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TAMU Webmaster's Blog

Information and insight from the A&M Webmasters

Creating Bookmarkable Titles

December 12th, 2008 by mdmcginnis

The title of a Web page determines what users will see when they bookmark it. If the title is informative and attractive, the bookmark (or “favorite,” for IE users) may prompt a return visit. If your page is called “Visit for Research – Cushing Library“, that’s what students and researchers will remember you by. They’ll know exactly what to expect when they choose that bookmark. On the other hand, if your page is called, “Page Title“, well…

Perhaps more importantly, if you don’t choose a memorable and accurate title for each page, you’re probably torpedoing your search engine rankings. When your content management system automatically uses the same title on every page of your site, Google automatically assumes that every page of your site is a duplicate of the first one, and doesn’t bother to index the rest.

When it comes to improving your findability on search engines, no other page element benefits you so quickly as a good title, yet requires so little effort. Just as keeping unwanted visitors away from your Web site can attract the visitors you want, the titles that make the best bookmarks also promote the best search engine positions.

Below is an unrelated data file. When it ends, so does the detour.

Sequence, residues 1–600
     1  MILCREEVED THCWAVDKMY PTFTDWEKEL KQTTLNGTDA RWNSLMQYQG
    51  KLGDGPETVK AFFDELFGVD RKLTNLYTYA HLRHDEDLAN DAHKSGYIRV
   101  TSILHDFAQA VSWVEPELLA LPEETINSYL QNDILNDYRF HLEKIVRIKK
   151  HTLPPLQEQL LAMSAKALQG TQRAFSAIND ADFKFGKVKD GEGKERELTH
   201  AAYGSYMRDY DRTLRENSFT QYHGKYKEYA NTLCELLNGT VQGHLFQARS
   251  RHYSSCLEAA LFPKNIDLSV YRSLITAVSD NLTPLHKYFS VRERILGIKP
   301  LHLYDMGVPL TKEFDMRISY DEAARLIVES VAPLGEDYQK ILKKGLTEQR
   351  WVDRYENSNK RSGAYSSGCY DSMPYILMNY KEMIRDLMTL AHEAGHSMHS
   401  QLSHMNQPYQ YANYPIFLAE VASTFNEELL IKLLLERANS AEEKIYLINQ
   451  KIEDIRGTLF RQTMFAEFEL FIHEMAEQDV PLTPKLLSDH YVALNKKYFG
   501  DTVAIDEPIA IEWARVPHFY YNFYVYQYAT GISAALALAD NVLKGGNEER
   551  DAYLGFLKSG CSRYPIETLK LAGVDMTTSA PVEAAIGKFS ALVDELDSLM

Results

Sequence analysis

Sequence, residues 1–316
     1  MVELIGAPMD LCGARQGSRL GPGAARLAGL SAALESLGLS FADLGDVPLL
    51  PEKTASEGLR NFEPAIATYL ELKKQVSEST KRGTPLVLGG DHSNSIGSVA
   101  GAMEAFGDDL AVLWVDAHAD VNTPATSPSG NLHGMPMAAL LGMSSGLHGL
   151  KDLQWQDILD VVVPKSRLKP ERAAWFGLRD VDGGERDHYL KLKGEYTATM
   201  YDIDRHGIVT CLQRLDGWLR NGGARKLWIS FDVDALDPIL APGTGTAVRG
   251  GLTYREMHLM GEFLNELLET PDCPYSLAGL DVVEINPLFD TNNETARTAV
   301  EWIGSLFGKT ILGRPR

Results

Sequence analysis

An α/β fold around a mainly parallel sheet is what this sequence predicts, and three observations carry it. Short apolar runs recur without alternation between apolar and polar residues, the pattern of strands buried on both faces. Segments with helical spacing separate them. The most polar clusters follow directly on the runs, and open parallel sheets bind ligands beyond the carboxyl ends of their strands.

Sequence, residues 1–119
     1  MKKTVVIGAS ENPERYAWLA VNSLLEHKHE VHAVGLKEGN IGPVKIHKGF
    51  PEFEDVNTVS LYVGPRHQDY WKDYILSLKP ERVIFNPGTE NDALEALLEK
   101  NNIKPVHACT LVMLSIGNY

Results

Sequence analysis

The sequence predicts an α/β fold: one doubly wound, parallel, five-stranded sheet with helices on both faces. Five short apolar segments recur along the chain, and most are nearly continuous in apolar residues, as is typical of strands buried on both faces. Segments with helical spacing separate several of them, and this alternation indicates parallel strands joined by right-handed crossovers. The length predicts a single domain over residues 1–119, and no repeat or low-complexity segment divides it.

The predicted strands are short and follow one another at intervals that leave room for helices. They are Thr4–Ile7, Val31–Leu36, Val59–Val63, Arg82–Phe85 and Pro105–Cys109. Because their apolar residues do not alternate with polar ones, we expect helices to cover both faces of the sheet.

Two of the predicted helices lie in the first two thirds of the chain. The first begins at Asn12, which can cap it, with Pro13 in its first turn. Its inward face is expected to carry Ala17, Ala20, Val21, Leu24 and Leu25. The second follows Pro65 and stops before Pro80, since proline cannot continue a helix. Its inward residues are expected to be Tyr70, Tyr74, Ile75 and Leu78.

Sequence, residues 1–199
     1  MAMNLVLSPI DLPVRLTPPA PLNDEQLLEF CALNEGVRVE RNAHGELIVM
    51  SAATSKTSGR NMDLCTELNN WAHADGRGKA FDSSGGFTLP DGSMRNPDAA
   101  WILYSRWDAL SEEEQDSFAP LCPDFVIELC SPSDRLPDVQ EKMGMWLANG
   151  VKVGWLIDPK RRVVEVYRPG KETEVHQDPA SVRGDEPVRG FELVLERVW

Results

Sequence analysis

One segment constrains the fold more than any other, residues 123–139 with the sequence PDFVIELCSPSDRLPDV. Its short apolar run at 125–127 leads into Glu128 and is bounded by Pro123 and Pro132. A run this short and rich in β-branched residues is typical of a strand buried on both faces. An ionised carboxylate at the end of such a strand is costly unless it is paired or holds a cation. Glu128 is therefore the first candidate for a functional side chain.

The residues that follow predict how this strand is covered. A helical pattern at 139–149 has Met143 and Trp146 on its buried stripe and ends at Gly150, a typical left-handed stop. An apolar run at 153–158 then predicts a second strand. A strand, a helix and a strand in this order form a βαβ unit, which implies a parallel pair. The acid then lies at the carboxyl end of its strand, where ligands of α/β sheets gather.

Delicately balancing several elements, a good page title:

  • Describes the contents of the page briefly yet accurately.
  • Can stand alone as a bookmark – it ends with the name of the site so visitors can remember where it came from.
  • Includes the keywords that a visitor might search for to reach that page.
  • Interests visitors and makes them want to visit it again.

The Bookmarks folder isn’t the only place that your title appears. What pops up when you start typing into a Firefox location bar? The titles of similar pages you’ve visited. Not that good bookmarks in themselves are anything to sneeze at. Search may still be the most powerful force drawing visitors to your website, but large numbers of Web visits begin with a bookmark, not a search. Many people, weary of useless search results, are turning to social bookmarking instead of search. And social bookmarking also begins with good titles.

Friday, December 12th, 2008 Search
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